Historic Airfields

RAF Airfields WW2 Part 1

May 23, 2019

Here, we will tell you a little more about RAF airfields that were used during World War 2. This is RAF Airfields WW2 Part 1 where we highlight RAF Dishforth, RAF Odiham, RAF Coltishall, RAF Coningsby, and RAF Lossiemouth.

RAF Dishforth

RAF Dishforth is located 4 miles East of Ripon in the county of North Yorkshire, England, and just over 30 miles north of the City of Leeds. The station opened in 1936 as a bomber base with 7 groups and is still operational today flying helicopters for the British Army. Check also the following two TV clips from BBC Yorkshire and Yorkshire TV about the 1991 opening of the airfield with images of aircraft and personnel of the 657 Squadron Army Air Corps.

RAF Dishforth is located just south of where the A1 joins the A168 joins, slightly north of Boroughbridge, Yorkshire. In January 1937, the first No.10 Squadron arrived here with Heyfords and on September 8, 1939, the first mission was sent from Dishforth. Later in the war, Dishforth came under the wing of No.6 Group RCAF and the first squadron that was formed here was No.426 Sqn with Wellingtons. In 1943, hard runways were constructed which turned Dishforth into a class-A bomber airfield.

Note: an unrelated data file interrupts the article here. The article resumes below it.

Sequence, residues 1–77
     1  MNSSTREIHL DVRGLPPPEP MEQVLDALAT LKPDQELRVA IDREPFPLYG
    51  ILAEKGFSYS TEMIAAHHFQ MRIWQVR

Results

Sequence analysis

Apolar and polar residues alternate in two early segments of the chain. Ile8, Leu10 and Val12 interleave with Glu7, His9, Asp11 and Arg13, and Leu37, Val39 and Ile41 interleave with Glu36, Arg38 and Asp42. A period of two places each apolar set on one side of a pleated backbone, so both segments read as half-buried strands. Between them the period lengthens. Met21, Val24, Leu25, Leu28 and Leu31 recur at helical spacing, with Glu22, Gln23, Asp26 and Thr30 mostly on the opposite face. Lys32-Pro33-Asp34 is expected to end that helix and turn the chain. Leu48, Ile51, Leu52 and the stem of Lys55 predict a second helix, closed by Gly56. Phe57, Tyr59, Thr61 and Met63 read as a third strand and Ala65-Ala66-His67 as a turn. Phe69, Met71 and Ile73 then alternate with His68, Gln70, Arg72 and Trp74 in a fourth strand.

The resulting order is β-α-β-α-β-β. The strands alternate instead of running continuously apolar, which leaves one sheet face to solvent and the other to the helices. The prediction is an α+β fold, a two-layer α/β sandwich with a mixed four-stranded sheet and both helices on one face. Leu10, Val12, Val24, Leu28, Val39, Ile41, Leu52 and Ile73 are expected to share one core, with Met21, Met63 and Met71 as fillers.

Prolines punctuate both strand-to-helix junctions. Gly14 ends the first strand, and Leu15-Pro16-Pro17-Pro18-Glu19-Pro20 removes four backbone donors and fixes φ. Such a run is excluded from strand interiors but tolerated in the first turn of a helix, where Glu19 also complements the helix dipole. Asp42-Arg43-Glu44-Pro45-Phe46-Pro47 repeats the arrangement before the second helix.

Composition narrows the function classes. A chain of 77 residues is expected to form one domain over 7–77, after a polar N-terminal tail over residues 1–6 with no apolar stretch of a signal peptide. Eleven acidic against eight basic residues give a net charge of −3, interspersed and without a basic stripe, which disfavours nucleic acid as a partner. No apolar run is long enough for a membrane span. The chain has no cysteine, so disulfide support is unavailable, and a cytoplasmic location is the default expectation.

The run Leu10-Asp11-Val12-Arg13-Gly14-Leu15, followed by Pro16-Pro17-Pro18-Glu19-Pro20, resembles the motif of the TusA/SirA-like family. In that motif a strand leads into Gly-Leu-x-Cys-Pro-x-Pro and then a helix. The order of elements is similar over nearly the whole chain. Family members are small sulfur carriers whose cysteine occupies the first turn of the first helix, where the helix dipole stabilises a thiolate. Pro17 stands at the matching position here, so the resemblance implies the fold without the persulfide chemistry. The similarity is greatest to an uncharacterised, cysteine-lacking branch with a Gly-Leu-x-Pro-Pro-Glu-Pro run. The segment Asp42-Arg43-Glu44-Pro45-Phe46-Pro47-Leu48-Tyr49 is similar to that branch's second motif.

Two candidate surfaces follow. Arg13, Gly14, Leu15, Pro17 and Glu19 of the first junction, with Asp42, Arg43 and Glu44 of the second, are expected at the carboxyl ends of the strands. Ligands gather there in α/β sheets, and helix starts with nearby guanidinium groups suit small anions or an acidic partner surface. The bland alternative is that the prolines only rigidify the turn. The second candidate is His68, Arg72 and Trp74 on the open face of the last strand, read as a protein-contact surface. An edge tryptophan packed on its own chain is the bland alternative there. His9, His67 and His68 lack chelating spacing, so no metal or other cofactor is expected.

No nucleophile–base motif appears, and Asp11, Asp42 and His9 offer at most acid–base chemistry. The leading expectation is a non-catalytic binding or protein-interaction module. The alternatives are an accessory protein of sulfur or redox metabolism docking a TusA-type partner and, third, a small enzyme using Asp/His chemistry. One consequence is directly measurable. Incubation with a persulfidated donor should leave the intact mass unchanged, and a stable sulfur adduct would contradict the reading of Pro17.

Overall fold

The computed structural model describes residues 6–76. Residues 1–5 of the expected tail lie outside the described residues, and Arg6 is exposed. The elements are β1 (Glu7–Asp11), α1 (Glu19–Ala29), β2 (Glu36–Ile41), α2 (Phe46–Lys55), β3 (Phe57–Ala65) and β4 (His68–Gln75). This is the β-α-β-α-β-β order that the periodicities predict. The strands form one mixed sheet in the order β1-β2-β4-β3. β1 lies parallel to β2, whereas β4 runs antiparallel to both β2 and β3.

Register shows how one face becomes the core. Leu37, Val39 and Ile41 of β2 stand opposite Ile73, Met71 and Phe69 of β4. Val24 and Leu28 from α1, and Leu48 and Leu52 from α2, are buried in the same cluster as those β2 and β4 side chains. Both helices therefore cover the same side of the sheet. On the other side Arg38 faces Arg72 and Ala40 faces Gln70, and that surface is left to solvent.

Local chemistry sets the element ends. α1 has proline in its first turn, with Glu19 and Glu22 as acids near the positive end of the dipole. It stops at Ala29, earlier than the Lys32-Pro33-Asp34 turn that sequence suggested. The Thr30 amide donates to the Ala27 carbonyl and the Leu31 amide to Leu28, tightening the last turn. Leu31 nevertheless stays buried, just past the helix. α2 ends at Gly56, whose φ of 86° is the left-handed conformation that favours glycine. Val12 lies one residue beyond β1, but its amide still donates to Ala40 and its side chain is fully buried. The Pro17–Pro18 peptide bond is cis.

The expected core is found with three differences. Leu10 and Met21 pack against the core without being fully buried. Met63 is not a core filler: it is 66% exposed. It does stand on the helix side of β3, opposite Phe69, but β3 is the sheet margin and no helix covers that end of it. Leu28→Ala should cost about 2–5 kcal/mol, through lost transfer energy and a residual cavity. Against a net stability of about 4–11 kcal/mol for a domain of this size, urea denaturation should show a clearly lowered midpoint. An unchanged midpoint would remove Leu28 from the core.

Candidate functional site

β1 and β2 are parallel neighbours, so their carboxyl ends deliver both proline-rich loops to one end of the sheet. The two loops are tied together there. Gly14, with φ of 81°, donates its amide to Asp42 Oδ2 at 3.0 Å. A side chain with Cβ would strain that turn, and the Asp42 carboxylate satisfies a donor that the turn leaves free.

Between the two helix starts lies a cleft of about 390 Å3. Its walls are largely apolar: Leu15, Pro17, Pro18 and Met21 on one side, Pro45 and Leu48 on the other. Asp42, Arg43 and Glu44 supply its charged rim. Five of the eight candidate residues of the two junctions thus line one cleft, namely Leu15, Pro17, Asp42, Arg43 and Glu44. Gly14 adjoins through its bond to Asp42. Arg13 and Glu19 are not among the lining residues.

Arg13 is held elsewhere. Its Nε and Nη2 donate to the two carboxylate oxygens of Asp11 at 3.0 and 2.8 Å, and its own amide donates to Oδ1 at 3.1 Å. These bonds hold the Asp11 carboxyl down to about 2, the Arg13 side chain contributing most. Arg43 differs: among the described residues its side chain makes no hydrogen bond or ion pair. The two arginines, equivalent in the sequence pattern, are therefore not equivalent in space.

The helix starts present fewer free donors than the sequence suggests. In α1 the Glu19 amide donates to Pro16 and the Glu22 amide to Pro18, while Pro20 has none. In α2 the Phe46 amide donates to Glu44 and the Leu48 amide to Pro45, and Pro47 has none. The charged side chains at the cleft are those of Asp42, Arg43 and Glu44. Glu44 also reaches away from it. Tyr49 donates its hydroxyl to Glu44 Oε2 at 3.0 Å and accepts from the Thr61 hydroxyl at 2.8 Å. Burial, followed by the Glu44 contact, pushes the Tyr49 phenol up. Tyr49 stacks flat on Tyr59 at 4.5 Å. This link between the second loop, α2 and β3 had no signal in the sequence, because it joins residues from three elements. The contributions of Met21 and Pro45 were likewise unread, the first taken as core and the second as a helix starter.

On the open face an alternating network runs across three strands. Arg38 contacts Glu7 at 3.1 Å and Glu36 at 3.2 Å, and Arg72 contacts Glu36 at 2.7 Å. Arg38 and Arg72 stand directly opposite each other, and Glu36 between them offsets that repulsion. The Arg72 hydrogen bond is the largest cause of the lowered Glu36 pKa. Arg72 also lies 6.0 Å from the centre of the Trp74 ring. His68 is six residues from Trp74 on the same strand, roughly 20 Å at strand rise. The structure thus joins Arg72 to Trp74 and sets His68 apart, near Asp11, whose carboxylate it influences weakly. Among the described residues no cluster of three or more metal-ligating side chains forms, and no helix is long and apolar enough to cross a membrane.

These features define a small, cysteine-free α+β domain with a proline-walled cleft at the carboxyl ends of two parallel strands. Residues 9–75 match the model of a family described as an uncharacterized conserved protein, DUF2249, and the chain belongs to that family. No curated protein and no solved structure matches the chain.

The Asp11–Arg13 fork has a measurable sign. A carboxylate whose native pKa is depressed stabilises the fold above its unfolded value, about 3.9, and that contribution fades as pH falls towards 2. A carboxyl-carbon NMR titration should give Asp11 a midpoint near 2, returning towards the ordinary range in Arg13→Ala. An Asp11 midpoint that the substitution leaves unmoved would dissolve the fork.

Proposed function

In November 1943, the No.1664 Heavy Conversion Unit was stationed at Dishforth here with Halifaxes. For the remainder of the war, RAF Dishforth continued to be an airfield for training purposes. The RAF ended flying from the airfield in 1988, the Army Air Corps took over.

RAF Odiham

Constructed during the RAF’s expansion period, RAF Odiham, located some eight miles east of Basingstoke, was originally home to army co-operation units flying Lysanders during the early part of WW2. Mustangs and Tomahawks were also operated from here.

During the latter part of the 2nd world war, photo recce squadrons were based here that flew many missions to all parts of Europe. After the end of hostilities, Fighter Command arrived with Spitfires, later to be followed by Vampires, Meteors, and Javelins.

One of the highlights of Odiham’s life was the Queen’s coronation during which the airfield was crammed with hundreds and hundreds of all kinds of aircraft. In recent years, the airfield’s activity has once again turned to the support of the British Army, operating the RAF’s heavy lift helicopters. See also this post about the history of RAF North Weald, an airfield that’s still operational but not as a military airfield.

RAF Coltishall